Then we built the color palette, based on the inspiration board. I felt that a relatively complex palette was needed in order to accommodate her love of color. It also needed to complement some of the existing hues in her space – chiefly the moss green. Pinky-red, gray and taupe were perfect solution. I also wanted to introduce gold for that luxe element. Finally, I felt that some rich, ethnic-inspired embroidered textiles would be the way to introduce pattern without looking too cluttered.

Finally, we put together selection of furniture and accessories to complement what she already had. Product details are below.

A big focus was the TV area, which needed organizing and defining. I found this room (via MadebyGirl), which inspired an asymmetrical arrangement of shelves and a media console around the TV:

She’s still working on implementing the ideas so we’ll have to wait and see how it turns out. But it was fun to pull together and a great example of bi-coastal sibling collaboration!

Here are the product details:
1 – Lamp
2 – Media cabinet
3 – Pillow
4 – Side table
5 – Lamp
6 – Tray
7 – Bus stop sign
8 – Pillow
9 – Lamp
10 – Vases
11 – Pillow
12 – Tray table
13 – Media cabinet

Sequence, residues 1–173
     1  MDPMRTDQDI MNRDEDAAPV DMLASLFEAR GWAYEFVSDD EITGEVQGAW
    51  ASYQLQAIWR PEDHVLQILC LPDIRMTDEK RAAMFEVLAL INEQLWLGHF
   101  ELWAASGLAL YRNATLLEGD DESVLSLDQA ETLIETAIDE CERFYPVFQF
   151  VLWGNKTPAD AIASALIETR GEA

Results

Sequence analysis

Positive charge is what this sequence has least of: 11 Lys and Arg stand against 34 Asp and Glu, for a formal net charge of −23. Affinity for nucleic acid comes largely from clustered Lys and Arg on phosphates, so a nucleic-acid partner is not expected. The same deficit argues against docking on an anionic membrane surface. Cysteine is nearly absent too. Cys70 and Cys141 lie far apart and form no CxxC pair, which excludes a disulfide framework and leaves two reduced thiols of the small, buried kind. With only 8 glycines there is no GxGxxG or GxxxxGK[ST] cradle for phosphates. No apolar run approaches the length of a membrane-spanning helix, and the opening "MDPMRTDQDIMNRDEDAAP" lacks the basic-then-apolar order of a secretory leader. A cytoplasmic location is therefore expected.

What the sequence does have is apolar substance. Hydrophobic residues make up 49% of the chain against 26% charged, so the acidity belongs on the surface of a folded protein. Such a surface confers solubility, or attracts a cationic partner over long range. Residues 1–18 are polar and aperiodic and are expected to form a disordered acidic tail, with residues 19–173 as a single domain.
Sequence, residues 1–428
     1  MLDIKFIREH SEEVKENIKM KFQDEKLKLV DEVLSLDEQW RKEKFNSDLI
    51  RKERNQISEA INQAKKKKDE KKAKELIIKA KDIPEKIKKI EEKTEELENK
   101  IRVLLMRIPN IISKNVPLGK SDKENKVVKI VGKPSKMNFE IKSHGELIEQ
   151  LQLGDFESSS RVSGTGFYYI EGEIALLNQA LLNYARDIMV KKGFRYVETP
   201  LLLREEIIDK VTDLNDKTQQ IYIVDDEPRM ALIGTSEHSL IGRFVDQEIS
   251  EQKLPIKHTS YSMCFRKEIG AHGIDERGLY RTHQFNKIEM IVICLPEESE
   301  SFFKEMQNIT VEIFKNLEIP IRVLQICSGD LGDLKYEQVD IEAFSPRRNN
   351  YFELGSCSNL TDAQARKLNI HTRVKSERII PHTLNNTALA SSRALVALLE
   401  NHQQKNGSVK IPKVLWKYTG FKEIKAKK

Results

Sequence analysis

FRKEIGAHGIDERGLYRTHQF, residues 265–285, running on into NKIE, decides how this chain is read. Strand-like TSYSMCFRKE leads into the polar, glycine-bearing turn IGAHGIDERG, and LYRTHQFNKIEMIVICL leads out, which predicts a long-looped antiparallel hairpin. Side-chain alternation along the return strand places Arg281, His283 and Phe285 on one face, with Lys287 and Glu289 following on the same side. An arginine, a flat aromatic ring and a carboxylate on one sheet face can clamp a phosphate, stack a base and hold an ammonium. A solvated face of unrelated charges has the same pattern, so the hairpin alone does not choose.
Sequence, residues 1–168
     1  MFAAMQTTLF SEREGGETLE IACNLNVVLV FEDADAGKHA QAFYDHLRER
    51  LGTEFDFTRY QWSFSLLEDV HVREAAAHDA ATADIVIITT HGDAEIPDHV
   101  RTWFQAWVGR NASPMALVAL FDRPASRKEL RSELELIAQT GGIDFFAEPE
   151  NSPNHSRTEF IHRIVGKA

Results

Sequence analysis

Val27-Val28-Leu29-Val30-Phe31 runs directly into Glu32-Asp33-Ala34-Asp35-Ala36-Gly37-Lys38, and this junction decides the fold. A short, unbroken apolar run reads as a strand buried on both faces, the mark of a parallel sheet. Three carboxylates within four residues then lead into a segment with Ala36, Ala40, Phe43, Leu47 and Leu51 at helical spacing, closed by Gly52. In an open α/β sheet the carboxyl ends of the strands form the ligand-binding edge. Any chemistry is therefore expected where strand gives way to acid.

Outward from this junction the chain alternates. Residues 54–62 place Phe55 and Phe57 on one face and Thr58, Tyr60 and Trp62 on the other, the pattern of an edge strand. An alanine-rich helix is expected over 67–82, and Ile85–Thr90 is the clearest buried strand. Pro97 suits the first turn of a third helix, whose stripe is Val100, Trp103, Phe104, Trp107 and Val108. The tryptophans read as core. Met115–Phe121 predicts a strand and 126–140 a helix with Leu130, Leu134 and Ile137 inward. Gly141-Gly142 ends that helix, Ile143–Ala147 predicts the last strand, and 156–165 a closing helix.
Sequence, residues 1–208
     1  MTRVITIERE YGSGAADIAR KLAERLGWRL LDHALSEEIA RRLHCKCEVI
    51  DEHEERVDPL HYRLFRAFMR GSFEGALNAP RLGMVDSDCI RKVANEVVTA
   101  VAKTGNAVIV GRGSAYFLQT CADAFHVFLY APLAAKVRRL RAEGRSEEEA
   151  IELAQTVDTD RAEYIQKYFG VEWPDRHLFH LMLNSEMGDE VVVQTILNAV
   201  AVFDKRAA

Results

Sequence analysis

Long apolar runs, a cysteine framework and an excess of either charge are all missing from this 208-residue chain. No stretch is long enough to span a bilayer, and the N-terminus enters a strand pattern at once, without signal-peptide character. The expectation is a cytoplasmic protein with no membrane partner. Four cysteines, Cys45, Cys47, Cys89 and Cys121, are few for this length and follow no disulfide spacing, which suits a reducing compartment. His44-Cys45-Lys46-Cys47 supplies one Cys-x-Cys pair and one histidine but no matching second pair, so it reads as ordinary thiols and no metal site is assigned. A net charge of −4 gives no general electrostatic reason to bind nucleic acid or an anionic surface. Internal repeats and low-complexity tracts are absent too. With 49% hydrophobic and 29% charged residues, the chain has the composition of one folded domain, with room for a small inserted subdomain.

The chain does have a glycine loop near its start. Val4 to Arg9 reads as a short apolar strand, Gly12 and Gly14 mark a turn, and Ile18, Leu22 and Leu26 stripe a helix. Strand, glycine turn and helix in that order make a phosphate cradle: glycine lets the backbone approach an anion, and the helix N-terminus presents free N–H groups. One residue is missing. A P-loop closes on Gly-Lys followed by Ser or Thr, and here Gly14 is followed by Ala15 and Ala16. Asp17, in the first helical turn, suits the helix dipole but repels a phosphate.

14 – Lamp
15 – Pillow
16 – Pillow
17 – Otomi textile throw
18 – Ikat chair
19 – Lamp
20 – Pouf

I love stumbling across beautifully-designed ‘real’ homes on Flickr. So I’m crazy about this refreshingly eclectic place. It’s owned, and impeccably styled by Yvonne, who also blogs about her travels, family, crafts and home on her blog, Moline. Yvonne has lived in Germany, Istanbul and Mexico and her style is clearly influenced by all three locations. Yvonne was kind enough to let me post some images from her past and present homes.

For starters, isn’t this a glorious blue for a kitchen? The color was inspired by Yvonne’s time living in Mexico. I’m into the open shelves, mini pendant lights, tiles and extra-long cabinet hardware.

If you’re going to have open shelves in a kitchen, you’ve got to buy groceries that look like this.

Moroccan tea tray tables always look great, but this one, which happens to be Turkish, looks spectacular under this chandelier. What a great juxtaposition of styles.

Here a vintage champagne bottle holder has been converted into magazine storage/installation art. So cool!

More inspired styling – spring in letter and in spirit!

A great art wall looks even better over a geometric dresser.